Using 100W/120V Light Bulbs with Arduino

I want to use an Arduino Mega to turn 8 100W Light Bulbs on and off. I am not sure what to use to supply power and control the light bulbs.

I wanted to use these light bulbs: Ace 100 watt PAR38 Floodlight Incandescent Bulb E26 (Medium) Green 1 pack - Ace Hardware

Any advice would be appreciated to accomplish this project.

Thank You.

Might be nice to know what exact LEDs you are using. Just on/off or control brightness (fade)?

I want to use an Arduino Mega to turn 8 100W Light Bulbs on and off. I am not sure what to use to supply power and control the LEDs.

Light bulbs or LEDs ?
Which is it ?

@TWA2020 - editing a post that has already been commented on as you did is impolite at best as it can make nonsense of the comments. Please do not do it again

From the linked page.

Ace 100 watts PAR38 Floodlight Incandescent Bulb E26

Incandescent bulbs. 110VAC? You can use a mechanical relay or a Solid State Relay (SSR). A mechanical relay will need a driver to be controlled by an Arduino or buy relay modules with the driver included. Make sure the relays have the right current and voltage ratings.

Check the total curreent.
In the U.S. we have an 80% rule.
You can use up to 80% of the rating of a circuit breaker.
15 smp and 20 amp breakers are common in the U.S. with 20 amp the minimum for receptcles.

Do you have an example mechanical relay and Solid State Relay I could use with an Arduino?

Google "arduino relay" or "arduino solid state relay" for examples.

There are commercially made units available which allow uC control to be done safely.

iot2spec.pdf (188 KB)

100W at 120V = 0.96 Amps, these SSRs are rated 2 Amps.
SSR Board
Or to switch all 8 at once:
Single SSR

When I look online for a part to buy what specifications do I look for?
Such as what voltage and amperage are necessary for these light bulbs?

120V/20A

JCA34F:
Or to switch all 8 at once:
Single SSR

The Amazon page says this is a 5V Solid State Relay Board. Will it power the 120V light bulbs?

Your household wiring powers the light bulb.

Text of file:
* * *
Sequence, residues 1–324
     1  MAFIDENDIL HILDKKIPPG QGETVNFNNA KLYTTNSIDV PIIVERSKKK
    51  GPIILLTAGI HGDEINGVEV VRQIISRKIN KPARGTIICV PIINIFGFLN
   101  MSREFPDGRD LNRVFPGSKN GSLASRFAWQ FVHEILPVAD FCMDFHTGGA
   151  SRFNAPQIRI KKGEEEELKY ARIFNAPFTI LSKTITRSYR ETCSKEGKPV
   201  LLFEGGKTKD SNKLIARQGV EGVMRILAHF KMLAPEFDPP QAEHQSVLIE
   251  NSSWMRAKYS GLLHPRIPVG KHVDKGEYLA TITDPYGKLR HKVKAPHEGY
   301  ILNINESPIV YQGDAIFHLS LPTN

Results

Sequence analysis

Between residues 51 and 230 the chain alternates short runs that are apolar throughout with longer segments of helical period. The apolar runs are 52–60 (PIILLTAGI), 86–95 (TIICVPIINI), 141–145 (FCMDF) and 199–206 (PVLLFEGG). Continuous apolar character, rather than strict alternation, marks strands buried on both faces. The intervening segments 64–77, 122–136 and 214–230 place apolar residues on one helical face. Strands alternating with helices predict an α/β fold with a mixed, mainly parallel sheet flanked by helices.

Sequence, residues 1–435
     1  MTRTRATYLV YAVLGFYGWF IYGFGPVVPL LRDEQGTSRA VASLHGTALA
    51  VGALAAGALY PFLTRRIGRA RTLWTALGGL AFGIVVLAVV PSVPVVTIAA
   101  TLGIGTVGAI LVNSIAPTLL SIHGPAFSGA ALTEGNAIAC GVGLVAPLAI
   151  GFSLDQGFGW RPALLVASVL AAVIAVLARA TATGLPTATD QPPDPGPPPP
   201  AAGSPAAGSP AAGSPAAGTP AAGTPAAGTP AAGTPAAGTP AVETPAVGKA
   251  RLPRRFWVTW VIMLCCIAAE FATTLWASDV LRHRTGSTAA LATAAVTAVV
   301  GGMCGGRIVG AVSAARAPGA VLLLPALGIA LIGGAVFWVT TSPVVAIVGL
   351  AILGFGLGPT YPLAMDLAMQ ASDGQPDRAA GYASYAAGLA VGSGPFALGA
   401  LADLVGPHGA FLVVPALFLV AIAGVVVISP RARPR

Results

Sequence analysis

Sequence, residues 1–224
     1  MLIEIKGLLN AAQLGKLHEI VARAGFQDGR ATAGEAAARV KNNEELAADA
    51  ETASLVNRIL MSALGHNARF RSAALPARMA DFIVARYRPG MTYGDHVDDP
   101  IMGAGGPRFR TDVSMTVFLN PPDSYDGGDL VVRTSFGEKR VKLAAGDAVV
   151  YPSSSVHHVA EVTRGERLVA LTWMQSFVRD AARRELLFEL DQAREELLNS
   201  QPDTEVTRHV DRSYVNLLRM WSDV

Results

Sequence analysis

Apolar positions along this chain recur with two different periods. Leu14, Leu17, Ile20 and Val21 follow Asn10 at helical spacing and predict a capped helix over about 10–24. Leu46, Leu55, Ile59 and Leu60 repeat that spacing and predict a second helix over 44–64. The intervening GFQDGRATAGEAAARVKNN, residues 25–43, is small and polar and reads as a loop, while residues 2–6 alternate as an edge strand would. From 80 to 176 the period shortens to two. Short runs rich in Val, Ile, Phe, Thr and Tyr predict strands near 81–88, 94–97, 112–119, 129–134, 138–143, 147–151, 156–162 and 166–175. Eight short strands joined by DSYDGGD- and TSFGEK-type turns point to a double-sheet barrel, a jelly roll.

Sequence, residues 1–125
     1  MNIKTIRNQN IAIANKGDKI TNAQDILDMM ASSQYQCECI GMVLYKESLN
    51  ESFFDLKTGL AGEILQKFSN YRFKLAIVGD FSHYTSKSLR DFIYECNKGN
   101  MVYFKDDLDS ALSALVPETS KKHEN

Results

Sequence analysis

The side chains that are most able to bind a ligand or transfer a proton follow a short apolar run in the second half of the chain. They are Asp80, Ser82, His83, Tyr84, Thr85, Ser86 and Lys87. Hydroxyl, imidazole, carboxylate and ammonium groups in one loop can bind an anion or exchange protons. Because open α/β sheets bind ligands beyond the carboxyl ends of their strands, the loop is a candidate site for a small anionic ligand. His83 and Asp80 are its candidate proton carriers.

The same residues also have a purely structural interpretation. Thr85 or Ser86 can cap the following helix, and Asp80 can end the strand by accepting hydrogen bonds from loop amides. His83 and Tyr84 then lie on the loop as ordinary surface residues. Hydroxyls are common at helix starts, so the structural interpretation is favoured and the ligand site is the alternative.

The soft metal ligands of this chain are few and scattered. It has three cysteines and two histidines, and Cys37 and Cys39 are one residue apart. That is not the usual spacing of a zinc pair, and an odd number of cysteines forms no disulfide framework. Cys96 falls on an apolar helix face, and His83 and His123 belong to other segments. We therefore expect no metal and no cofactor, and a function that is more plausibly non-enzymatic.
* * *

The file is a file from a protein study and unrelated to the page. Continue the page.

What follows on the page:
The Amazon SSR (solid state relay) can be switched on/off by a 5V Arduino output, connected to the relay control input, and will in turn switch 120 VAC circuits on/off.

Beware that there are very dangerous fakes of that Fotek SSR on the market.

Finally, when starting up, a 100 Watt incandescent bulb draws about 10 Amperes, or 10 times the normal current, so that relay is rated to switch only two 100 Watt bulbs in parallel. If switched on at the same time, eight 100W bulbs in parallel will probably pop your circuit breaker, so you should plan on switching the bulbs on sequentially.

What is the difference between a FOTEK SSR-25DA and one of these?

So, it does not matter what the output of a relay is as long as the input is 5V, which is within the range of what will work for an Arduino. A 5V relay can handle any input voltage, even if it is straight from the wall power outlet at around 120V and 20 amps. Is that all correct?

Also, what difference does it make if I buy a SSR rated at 25 amps (FOTEK SSR-25DA) versus one at 40 amps (FOTEK SSR-40DA)? would the 40 amp SSR provide too much power and not work for light bulbs?

would the 40 amp SSR provide too much power

Your household wiring provides the power. The SSR is just a switch.

What is the difference between a FOTEK SSR-25DA and one of these?

There are hardly any similarities, except that both use SSR switches.

The latter is totally inadequate for your project.

The Amazon page says this is a 5V Solid State Relay Board. Will it power the 120V light bulbs?

Yes. It's controlled by 3-32VDC and it can switch 24-380VAC at up to 25 Amps.

The current rating on a relay is the maximum. It's OK to use a high-current relay in a low current circuit. Except there is some leakage current with solid state relays so a low-power light bulb might glow dimly when the relay is "off". (Your 100W bulbs will be fine.)

Wattage is calculated as Volts x Amps, so at 120VAC 100W is about 1 Amp. But as jremington says , the initial turn-on current for an incandescent bulb is a higher so you should allow some safety margin, and you should allow some safety margin anyway. I don't think you'll pop your breaker. Circuit breakers have a little delay. I've made a sound activated lighting effect with 4-channels and it doesn't blow my 15A breaker with 2 100W floods on each channel.

(If you ever use a motor with a relay, motors have even-higher start-up current.)


There are solid state relays (such as the one suggested) that can be directly driven from the Arduino's 5V, low-current outputs.

These "industrial type" of solid state relays with screw terminals are super-easy to wire-up and mount. (The relay board also has screw terminals.)

The output-side of a solid state relay is a little trickier than a regular relay because AC & DC relays are not interchangeable and sometimes there is a minimum switching voltage.


Regular electro-mechanical relays have a coil (an electro-magnetic to pull the contacts together) and there relays with 5V coils, but 12 or higher is more common. The Arduino can't supply enough current for a relay coil, so you need a driver circuit, but you can buy relay boards with a built-in driver and relay.


Then is the 25/40 amps a measure of how much input power (amperage) can come into the relay switch to control it, which is irrelevant with the low amperage of the Arduino?

The 25/40 amps is an indication of how much current the relay can switch. It has nothing to do with the voltage used to actually switch it on which is provided by the Arduino

The whole point of a relay is to allow a high current and/or voltage load to be controlled by a lower voltage/current signal as provided by the Arduino

@TWA2020

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